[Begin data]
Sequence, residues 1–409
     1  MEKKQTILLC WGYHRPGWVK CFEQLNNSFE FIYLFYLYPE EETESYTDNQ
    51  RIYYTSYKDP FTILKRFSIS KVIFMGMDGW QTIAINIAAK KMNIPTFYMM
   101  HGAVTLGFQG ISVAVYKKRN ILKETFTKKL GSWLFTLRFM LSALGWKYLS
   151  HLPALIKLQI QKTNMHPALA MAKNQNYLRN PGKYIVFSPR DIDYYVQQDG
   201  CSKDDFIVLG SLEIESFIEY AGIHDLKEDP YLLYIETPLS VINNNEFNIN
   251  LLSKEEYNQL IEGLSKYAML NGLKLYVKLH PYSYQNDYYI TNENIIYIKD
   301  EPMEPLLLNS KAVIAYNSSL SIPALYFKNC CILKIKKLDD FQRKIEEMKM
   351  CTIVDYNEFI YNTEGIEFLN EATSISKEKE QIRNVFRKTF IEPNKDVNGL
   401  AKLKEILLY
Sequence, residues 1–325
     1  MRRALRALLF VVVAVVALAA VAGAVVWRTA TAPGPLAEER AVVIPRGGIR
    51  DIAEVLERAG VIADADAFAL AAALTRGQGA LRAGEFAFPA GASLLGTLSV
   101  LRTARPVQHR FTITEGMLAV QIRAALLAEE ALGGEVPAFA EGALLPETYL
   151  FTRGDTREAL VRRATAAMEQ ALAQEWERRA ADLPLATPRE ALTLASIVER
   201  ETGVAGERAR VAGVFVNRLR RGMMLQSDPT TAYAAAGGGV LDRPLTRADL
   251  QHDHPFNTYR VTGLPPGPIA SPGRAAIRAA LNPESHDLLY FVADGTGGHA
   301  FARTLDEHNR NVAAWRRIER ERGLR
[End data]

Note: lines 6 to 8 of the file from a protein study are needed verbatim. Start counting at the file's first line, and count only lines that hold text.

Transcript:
   201  CSKDDFIVLG SLEIESFIEY AGIHDLKEDP YLLYIETPLS VINNNEFNIN
   251  LLSKEEYNQL IEGLSKYAML NGLKLYVKLH PYSYQNDYYI TNENIIYIKD
   301  EPMEPLLLNS KAVIAYNSSL SIPALYFKNC CILKIKKLDD FQRKIEEMKM